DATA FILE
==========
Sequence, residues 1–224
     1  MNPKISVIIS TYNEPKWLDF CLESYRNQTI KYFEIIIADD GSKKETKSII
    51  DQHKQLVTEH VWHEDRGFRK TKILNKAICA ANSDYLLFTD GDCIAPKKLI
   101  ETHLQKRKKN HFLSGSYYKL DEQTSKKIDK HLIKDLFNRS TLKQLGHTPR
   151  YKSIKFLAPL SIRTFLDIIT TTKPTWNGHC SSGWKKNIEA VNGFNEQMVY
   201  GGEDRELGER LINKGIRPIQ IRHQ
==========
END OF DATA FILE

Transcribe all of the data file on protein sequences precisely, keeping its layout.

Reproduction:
Sequence, residues 1–224
     1  MNPKISVIIS TYNEPKWLDF CLESYRNQTI KYFEIIIADD GSKKETKSII
    51  DQHKQLVTEH VWHEDRGFRK TKILNKAICA ANSDYLLFTD GDCIAPKKLI
   101  ETHLQKRKKN HFLSGSYYKL DEQTSKKIDK HLIKDLFNRS TLKQLGHTPR
   151  YKSIKFLAPL SIRTFLDIIT TTKPTWNGHC SSGWKKNIEA VNGFNEQMVY
   201  GGEDRELGER LINKGIRPIQ IRHQ